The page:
The beautiful song I share this month was composed in 1967 by Austin John Marshall. The melody is the traditional tune The Week Before Easter. During World War I, English men were marched to fight in France and Germany. Some villages lost more than 50% of their male population. In the place where the May Pole once stood sat the honor roll stone which named those who died in the war. During those dark times, the tradition of Morris dancing nearly vanished.
But tradition is a strong force. The women of the villages took matters into their own hands (and feet) and kept the Morris dances alive. The song, Dancing at Whitsun is a poignant reminder that we keep the memories of lost loved ones alive by keeping the traditions we share alive. Today, Morris dancing is popular throughout the world and is danced by both men and women.
We have numerous traditions in my family. Like the fact that my brother-in-law Rob refuses to make iced tea in anything but a dented aluminum pot, just like his grandmother did. And every summer, we take the kids up the White Dot Trail to the summit of Mount Monadnock, just like generations of our parents and grandparents have accompanied our five and six year old selves on our first major climbs. And for me it would not be spring without taking part in the New England Folk Festival, enjoying Morris and other forms of traditional dance and song. Each of our traditions keeps our loved ones close to us.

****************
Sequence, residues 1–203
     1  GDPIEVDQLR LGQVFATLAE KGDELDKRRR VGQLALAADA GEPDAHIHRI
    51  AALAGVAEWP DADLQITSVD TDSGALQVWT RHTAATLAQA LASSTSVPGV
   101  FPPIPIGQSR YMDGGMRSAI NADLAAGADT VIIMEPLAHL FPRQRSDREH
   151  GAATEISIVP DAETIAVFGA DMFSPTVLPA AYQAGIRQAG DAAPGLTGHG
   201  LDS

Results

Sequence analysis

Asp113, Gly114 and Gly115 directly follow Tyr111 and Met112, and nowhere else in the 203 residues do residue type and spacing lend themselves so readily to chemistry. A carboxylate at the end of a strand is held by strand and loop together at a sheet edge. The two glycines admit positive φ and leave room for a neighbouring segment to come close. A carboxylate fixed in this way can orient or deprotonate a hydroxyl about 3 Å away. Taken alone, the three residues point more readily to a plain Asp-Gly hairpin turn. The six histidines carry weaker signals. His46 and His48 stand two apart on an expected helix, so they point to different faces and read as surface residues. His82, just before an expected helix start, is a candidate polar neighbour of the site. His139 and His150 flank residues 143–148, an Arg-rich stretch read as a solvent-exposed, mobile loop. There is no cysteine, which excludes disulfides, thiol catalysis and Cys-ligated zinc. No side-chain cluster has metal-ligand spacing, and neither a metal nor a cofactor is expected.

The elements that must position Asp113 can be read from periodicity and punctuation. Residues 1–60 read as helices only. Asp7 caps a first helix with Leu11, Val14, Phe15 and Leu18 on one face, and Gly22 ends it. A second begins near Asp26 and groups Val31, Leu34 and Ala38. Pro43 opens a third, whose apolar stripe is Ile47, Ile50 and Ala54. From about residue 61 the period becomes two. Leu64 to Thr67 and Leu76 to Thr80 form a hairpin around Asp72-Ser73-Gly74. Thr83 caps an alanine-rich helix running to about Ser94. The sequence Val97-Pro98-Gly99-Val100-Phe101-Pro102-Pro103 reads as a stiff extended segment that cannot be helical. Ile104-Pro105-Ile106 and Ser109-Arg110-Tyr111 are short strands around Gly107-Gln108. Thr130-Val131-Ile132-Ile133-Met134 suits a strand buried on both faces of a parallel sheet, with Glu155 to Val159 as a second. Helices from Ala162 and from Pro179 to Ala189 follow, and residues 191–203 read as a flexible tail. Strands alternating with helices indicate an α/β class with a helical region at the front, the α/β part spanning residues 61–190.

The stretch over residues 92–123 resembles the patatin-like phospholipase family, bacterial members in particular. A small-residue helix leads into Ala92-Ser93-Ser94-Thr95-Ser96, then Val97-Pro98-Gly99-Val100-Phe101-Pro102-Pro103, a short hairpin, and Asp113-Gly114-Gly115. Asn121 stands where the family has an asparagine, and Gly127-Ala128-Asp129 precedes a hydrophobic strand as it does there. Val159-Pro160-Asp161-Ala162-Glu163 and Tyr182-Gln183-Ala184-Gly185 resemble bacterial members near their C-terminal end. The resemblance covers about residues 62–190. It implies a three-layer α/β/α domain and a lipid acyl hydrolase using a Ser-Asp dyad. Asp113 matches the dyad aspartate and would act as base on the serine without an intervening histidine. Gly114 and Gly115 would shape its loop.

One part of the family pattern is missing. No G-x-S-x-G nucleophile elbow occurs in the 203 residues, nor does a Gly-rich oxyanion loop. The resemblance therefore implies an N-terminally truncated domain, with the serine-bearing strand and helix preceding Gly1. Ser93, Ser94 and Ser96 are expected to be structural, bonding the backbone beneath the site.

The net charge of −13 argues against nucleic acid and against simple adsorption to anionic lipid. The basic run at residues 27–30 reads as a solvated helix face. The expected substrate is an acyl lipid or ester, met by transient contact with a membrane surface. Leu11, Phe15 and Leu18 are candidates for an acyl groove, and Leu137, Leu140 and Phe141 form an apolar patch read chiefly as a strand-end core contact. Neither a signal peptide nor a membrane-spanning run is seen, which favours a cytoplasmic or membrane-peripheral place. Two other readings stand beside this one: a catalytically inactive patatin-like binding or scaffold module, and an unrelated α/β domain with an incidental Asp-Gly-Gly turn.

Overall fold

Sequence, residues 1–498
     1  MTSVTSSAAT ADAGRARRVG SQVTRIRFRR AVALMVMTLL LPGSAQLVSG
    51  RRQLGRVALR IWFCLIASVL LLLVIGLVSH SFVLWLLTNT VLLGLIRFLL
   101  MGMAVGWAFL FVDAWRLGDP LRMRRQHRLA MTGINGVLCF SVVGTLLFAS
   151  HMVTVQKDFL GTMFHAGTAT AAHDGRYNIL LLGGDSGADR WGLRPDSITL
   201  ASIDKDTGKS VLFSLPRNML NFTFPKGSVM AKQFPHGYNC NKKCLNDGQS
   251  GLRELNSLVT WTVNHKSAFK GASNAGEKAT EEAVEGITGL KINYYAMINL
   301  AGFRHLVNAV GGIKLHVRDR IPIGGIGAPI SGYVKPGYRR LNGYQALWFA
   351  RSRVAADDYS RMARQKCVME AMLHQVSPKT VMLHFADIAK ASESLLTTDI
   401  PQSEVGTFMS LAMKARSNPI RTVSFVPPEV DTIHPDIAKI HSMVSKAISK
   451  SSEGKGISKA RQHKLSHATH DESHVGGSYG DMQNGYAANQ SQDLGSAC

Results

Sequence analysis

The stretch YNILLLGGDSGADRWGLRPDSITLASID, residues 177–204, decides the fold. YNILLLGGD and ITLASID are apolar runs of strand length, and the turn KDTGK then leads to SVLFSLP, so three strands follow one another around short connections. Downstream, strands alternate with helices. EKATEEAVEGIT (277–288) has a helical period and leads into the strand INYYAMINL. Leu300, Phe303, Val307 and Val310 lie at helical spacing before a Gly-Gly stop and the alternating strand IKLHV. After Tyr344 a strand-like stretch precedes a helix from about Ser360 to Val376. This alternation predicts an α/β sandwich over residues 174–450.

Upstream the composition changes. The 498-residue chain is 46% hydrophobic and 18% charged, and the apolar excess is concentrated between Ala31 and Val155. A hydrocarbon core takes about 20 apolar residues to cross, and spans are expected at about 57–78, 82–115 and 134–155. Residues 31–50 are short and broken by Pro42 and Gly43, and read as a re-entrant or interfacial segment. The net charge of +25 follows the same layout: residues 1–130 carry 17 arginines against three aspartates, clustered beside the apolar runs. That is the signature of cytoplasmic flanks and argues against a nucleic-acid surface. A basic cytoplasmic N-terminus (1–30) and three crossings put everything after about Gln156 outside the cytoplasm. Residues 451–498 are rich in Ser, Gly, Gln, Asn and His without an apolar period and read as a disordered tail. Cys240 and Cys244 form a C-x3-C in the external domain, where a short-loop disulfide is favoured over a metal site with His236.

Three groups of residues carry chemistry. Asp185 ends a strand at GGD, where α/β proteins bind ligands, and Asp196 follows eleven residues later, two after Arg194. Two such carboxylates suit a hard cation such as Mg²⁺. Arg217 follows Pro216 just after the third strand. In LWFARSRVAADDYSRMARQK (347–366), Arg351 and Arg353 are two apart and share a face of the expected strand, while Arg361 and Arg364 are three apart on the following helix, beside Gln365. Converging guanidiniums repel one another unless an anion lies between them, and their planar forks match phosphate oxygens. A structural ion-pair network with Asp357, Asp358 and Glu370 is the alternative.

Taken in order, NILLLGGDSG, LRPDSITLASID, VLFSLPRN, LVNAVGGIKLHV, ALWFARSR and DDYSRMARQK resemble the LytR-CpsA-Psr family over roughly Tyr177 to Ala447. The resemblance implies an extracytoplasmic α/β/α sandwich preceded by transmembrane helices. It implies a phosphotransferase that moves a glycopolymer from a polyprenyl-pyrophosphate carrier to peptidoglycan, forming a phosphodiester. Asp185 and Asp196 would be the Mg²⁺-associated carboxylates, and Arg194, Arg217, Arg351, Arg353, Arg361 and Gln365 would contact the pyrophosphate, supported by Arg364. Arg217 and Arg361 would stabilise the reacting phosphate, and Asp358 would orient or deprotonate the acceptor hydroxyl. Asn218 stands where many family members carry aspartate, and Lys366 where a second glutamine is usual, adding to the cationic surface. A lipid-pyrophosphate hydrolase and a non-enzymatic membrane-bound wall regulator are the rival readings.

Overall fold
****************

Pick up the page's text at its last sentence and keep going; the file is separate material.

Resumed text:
When I first heard Dancing at Whitsun I thought about how amazing it was for the women to dance in place of the men during those terrible times. But as I grow older, it doesn’t seem so amazing to me. I have come to understand that we are all, in our own ways, dancers at Whitsun.
(If so inclined, I invite you to leave a comment by scrolling to the end of this page.)
May 3, Thursday, 6:30 pm – 8:30 pm Dedham, MA. April’s ‘First Thursday Dedham’ event at Paradise Cafe was so successful, we will do again in May. This time I have invited the amazing Chris Pahud to swap sets with me. Click for details
May 4, Friday, 8:00 pm Framingham, MA. I am excited to open for one of my musical heroes, Geoff Muldaur at Amazing Things Arts Center. Click for details
May 13, Sunday, 7:00 pm Westford, MA. Featuring at John Ferullo’s open mike at the Parish Center for the Arts. Click for details
May 17, Thursday, 7:00 pm Raynham, MA. Featuring at Rick’s Music World, hosted by Tom Irving and Rick Santos. This is a wonderful open mike community just a short ride south of Boston.Click for details
May 27, Sunday, 3:00 pm Cambridge, MA. Joining my Birch Beer Records family Dan Cloutier, Kim Jennings, Oen Kennedy and Levi Schmidt at Club Passim Campfire Festival. Click for details.
June 3, Sunday, 2:00 pm Concord, MA. Joining my good friends Kate Chadbourne, Pat Kenneally, Bill Kehoe, Linda Abrams, and Robert Phillips in the round at The Olde Manse. Click for details.
Click to view these and all all upcoming shows.
Featured Non-Profit: Guitars4Troops
“Army Sgt. Bob Persch had always wanted to learn how to play guitar. When he was was deployed to Afghanistan, he couldn’t find a guitar to play. His desire to play and help others, led Robin Webber at Guitar Gallery in White House, Tenn., to begin donating a guitar a week to U.S. troops in Iraq or Afghanistan.”